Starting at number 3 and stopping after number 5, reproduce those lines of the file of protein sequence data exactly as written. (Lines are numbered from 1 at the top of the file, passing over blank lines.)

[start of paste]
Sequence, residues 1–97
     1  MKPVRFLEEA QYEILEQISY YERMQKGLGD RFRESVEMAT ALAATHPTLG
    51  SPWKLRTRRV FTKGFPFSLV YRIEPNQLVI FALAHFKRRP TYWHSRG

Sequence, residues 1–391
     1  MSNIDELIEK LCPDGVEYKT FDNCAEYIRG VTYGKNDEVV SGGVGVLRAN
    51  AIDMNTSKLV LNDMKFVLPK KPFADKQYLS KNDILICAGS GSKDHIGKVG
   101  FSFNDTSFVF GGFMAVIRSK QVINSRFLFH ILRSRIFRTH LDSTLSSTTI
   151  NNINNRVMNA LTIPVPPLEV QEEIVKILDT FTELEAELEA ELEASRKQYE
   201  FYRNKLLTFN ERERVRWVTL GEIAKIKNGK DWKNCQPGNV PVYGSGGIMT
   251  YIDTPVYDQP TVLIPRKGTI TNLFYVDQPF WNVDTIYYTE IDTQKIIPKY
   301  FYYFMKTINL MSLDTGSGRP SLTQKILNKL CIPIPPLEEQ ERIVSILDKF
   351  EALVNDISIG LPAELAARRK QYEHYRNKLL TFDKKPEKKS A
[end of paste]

    51  SPWKLRTRRV FTKGFPFSLV YRIEPNQLVI FALAHFKRRP TYWHSRG

Sequence, residues 1–391
     1  MSNIDELIEK LCPDGVEYKT FDNCAEYIRG VTYGKNDEVV SGGVGVLRAN